Everyone seems to have a New Year’s resolution or three that they’ve set their target on. Lose weight, get fit, quit smoking, learn a new language… we typically set some pretty lofty goals, but rarely put a plan in place to make sure we achieve them.
This means that unless we are extremely lucky, we’re setting ourselves up for failure. Don’t believe me? It’s previously been reported that just 8% of people actually achieve their New Year’s resolutions.
Why don’t New Year’s resolutions stick?
It takes around six weeks of consistency to create a new habit. The problem most people come across with their New Year’s resolutions is that they get off to an amazing start all guns blazing, then reality sets in.
Work starts up again and you don’t have the time to focus on your goal any more. Your other half goes back to work and you don’t have as much support as you did to make it to the gym or to spend time researching healthy new meals. Stress returns and cigarettes seem like a necessary option again.
Most people don’t make it to the six week mark as there is no plan in place to get you through these tough obstacles that are normal in everyday life.
I’m not the biggest fan of New Year’s resolutions as I prefer to start goals as soon as I make my mind up to do something. Waiting until January 1 to start goals gives time to stray farther from them – how many people do you know who go on a last minute binge to eat as much food/drink as much alcohol/sit and watch television before starting on their new venture?
However, for those of us who don’t set aside much time for self reflection, the downtime of the holidays coinciding with the start of a new year can be a good time to figure out what we want to achieve over the year ahead.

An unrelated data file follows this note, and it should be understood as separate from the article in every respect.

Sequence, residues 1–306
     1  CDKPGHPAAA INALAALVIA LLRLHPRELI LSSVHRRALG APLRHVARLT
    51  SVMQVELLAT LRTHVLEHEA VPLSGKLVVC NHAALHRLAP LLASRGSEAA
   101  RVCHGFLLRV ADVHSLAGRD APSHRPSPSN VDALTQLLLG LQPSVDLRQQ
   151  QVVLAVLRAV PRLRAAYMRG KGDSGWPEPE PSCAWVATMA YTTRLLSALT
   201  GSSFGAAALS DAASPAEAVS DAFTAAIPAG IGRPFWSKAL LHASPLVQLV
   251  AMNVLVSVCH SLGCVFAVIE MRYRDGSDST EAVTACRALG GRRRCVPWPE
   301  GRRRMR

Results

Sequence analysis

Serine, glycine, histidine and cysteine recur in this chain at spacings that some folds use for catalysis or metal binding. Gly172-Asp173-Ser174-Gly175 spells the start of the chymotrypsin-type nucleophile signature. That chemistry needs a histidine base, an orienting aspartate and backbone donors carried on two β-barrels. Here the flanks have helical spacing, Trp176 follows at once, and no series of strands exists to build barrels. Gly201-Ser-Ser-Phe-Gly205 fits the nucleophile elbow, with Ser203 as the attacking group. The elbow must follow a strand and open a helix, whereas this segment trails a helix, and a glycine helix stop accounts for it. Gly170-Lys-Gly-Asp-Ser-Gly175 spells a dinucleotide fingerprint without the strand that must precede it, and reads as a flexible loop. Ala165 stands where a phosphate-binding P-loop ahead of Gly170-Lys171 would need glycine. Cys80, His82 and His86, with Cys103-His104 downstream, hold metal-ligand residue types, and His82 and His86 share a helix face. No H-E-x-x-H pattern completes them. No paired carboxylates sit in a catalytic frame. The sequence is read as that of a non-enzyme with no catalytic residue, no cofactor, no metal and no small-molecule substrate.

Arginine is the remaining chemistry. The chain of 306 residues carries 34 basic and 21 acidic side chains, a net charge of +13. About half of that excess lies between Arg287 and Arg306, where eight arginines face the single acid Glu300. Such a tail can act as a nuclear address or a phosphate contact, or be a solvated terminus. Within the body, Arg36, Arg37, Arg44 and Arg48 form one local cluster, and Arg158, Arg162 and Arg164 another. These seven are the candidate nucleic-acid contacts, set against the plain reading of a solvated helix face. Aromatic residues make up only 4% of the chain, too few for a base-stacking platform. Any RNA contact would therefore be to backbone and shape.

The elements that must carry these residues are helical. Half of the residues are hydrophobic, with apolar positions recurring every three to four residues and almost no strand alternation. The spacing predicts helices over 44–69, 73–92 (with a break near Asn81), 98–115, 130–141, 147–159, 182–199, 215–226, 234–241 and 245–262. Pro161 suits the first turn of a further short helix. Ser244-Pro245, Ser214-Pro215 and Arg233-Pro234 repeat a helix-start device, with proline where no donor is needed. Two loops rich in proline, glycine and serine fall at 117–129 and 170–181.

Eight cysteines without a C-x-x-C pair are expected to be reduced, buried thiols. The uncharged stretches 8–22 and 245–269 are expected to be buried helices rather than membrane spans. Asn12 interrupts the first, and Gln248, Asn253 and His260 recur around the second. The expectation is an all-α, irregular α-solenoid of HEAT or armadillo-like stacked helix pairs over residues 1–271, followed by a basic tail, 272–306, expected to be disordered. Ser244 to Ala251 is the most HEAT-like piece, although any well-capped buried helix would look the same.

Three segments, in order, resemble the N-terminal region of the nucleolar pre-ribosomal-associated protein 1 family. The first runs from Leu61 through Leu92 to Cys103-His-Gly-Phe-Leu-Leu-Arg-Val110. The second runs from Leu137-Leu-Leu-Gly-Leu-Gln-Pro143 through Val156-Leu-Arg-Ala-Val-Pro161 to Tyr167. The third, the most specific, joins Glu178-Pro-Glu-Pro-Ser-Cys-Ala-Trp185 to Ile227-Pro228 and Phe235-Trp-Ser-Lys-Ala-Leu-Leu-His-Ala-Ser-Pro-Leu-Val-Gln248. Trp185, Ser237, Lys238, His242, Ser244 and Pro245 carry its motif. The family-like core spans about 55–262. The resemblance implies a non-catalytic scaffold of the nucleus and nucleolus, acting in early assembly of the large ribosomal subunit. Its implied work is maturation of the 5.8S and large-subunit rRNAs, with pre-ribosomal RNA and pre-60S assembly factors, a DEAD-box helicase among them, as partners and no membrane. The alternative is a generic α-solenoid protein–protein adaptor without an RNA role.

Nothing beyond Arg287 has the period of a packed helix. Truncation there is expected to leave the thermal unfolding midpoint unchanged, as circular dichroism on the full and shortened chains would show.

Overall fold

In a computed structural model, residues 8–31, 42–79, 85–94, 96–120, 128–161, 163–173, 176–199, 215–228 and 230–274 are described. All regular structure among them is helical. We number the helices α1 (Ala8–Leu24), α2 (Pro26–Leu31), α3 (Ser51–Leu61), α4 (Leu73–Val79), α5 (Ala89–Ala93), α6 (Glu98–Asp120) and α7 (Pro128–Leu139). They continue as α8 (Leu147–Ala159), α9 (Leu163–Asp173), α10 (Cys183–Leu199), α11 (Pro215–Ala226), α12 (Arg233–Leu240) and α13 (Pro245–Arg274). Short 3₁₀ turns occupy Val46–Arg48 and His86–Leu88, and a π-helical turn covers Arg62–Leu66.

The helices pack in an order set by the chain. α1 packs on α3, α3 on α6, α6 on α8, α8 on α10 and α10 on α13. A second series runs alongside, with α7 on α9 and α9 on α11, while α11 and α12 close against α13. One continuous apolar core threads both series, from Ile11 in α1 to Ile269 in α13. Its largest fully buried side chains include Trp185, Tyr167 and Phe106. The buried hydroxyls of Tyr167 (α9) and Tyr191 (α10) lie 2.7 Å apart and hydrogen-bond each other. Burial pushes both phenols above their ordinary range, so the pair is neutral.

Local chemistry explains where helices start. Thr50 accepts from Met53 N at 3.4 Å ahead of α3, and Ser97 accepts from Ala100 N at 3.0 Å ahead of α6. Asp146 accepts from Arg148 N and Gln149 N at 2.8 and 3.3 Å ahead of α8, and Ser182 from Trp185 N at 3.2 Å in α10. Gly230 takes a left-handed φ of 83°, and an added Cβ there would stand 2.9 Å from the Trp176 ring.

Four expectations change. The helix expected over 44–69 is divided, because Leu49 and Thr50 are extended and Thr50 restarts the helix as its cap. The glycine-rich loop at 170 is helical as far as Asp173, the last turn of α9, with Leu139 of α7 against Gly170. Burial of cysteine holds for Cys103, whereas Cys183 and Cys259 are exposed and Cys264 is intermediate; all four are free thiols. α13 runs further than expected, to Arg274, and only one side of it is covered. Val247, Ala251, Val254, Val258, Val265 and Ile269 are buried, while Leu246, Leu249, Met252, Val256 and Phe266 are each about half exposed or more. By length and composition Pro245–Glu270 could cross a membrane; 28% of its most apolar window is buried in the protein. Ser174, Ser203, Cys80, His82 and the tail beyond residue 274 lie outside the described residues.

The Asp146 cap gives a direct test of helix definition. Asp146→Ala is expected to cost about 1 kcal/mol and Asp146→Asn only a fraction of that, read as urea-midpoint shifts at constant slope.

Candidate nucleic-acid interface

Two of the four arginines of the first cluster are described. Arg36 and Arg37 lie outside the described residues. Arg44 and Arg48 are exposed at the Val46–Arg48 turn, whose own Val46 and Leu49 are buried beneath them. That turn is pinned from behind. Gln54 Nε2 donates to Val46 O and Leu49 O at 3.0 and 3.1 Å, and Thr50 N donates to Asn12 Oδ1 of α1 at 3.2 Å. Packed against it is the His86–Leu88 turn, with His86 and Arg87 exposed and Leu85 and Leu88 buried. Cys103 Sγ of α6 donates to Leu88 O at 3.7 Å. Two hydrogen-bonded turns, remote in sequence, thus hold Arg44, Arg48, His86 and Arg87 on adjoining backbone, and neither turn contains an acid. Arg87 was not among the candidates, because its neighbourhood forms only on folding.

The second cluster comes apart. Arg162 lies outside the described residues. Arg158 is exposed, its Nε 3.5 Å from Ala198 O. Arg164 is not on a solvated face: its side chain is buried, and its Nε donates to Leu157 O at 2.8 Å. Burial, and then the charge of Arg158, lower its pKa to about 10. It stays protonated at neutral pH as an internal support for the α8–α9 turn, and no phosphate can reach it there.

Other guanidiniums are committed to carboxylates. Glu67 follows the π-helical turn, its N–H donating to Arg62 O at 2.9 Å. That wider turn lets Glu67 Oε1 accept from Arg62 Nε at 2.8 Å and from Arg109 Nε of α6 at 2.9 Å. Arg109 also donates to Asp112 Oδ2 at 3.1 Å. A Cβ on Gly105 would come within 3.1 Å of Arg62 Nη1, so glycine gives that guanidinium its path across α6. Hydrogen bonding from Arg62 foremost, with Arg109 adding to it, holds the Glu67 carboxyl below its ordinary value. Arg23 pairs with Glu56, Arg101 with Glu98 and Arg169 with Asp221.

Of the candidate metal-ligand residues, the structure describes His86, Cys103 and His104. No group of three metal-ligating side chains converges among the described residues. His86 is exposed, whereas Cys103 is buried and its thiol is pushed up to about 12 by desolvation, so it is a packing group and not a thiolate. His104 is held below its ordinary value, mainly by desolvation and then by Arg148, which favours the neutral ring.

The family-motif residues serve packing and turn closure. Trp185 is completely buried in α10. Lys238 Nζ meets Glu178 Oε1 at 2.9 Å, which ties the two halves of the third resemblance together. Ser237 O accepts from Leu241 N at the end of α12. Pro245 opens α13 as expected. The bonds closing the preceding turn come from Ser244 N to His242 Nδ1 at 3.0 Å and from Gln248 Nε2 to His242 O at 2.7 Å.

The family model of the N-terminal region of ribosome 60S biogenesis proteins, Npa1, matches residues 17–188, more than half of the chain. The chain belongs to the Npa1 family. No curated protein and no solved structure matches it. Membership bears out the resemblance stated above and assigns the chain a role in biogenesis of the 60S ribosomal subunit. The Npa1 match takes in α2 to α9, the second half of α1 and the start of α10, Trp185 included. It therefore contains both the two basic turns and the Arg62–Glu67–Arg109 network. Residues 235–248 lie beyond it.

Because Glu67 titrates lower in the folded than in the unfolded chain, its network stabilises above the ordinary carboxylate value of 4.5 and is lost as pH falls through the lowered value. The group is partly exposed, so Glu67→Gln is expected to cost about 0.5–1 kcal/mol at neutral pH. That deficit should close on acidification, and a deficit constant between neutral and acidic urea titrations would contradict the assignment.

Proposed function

If you’ve already made New Year’s resolutions, how do you make sure you’re one of the 8% who achieve them?
Make your goals S.M.A.R.T.E.R.
This goal-setting acronym is everywhere, but it’s with good reason; it works. To get anywhere with your goals, they should be:
Specific. The more specific the better. You want to lose weight; how much weight? Is that what’s actually important or is it to get fitter, stronger, healthier, be able to run up a flight of stairs without getting puffy, fit an old pair of jeans?
Measurable. How will you achieve your goal if it’s unmeasurable? You won’t know that you have reached your goal if there’s no set goal to reach. Even just saying you want to get ‘fitter’ is incredibly vague – think about whether you want to be able to run around the block without stopping, or complete 10 full pushups with perfect technique. This will give you a goal to work towards.
Achievable. If you can’t achieve your goal, you’ve set yourself up for failure from the beginning. This could mean taking a big goal and breaking it up into a series of mini goals (i.e. If you want to revamp your nutrition, aim to drink more water in the first week, add a daily multivitamin in the second week, keep building up your smaller habits rather than making enormous changes in one go).
Realistic. Want to get six-pack abs? This is sometimes dependent on genetics. It’s very dependent on having excellent nutrition. Is this realistic for you? It could be better instead to aim for great core strength, measurable by achieving certain abdominal exercises such as holding a hover plank for ‘x’ minutes. Fitting into an old pair of jeans may be a better goal for you than just picking a smaller size number out of thin air to work towards.
Time-bound. Give yourself a time frame to achieve your goals. This helps keep you motivated and on track as you have a date to work towards. Here’s where mini goals can help as well; going without cigarettes will seem a lot easier with a renewed week-to-week target that has a little reward each time (going to the movies, go shopping for a new item of clothing etc.) rather than ditching them for a month.
Evaluated. Is your original plan working? Have you been hitting your mini goals? What is working and what’s not? How can you change what you’re doing to improve?
Reviewed. If you’re not hitting your targets, it’s time to revise them for something more achievable. Reaching your goals can be incredibly motivating, but on the other side of things, not reaching them can be incredibly unmotivating.
What are your New Year’s resolutions? What has/hasn’t worked for you?
Image / NZ Real Health